Short bursts of exercise make diabetics fitter quicker
Researchers found that short bursts of high-intensity exercise improved cholesterol, blood sugar and weight among Type 2 diabetes patients.
Washington DC: Diabetic? You may want to start alternating short bursts of intense activity with brief rest periods as a recent study has revealed that it delivers more benefits than lower-intensity exercise.
The University of Western Ontario researchers found that short bursts of high-intensity exercise improved cholesterol, blood sugar and weight among Type 2 diabetes patients more than 30 minutes of sustained, lower-intensity exercise
They showed that after three months of high-intensity exercise in 10-minute bursts done three times per day, five days a week, led to an average 0.82 percent decrease in three-month blood sugar patterns compared with just 0.25 percent among those who performed more sustained, lower-intensity exercise also five times per week.
Exercise is known to help reduce cholesterol and weight as well as manage Type 2 diabetes - all risk factors for heart disease. Historically, diabetes management programs have focused primarily on low-intensity, sustained exercise, said lead author Avinash Pandey.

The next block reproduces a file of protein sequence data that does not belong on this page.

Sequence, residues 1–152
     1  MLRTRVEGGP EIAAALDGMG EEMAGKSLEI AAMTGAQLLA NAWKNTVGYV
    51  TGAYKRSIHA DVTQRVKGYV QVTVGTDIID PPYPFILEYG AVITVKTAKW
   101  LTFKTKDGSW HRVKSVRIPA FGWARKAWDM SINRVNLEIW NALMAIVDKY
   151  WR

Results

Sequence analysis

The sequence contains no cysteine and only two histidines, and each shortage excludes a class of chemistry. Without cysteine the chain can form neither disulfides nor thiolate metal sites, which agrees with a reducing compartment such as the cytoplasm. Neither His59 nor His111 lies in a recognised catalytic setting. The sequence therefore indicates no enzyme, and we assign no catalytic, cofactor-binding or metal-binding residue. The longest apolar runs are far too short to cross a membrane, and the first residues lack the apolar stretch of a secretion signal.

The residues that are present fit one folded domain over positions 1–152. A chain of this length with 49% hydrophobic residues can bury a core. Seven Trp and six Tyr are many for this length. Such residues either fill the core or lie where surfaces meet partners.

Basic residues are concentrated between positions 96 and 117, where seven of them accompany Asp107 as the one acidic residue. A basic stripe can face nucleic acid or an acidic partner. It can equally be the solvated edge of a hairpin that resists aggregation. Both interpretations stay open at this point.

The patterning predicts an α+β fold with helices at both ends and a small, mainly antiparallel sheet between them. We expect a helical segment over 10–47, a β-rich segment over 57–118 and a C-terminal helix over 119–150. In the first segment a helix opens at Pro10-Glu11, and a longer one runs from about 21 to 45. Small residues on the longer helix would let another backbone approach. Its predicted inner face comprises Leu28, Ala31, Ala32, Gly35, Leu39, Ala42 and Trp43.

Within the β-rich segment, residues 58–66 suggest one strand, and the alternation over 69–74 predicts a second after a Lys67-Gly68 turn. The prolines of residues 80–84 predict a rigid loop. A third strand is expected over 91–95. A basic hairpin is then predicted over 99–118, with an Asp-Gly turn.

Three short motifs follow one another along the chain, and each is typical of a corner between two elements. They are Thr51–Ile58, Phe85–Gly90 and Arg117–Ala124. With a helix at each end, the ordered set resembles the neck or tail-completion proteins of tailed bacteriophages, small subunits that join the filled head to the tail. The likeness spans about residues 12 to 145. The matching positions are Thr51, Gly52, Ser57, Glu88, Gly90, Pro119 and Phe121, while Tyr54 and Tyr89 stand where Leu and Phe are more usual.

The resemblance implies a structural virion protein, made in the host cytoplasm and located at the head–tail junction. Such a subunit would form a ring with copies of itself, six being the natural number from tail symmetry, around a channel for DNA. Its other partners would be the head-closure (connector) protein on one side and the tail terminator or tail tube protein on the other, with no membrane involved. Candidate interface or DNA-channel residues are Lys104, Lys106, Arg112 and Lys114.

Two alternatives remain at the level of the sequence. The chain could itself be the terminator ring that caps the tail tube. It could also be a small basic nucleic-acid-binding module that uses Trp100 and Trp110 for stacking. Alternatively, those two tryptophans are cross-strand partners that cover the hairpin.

Pandey noted that more may be accomplished with short bursts of vigorous exercise, in which patients achieve a higher maximum target heart rate and it may be easier to fit into busy schedules.
Researchers said it's unclear why shorter bursts of high-intensity exercise would lead to more significant improvements. One theory is that higher intensity exercise uses energy in a different way, suggests Pandey.
With further study, burst exercise may become a viable alternative to the current standard of care of low-intensity, sustained exercise for diabetes rehabilitation, he added.
The research was presented at the American Heart Association's Scientific Sessions 2015.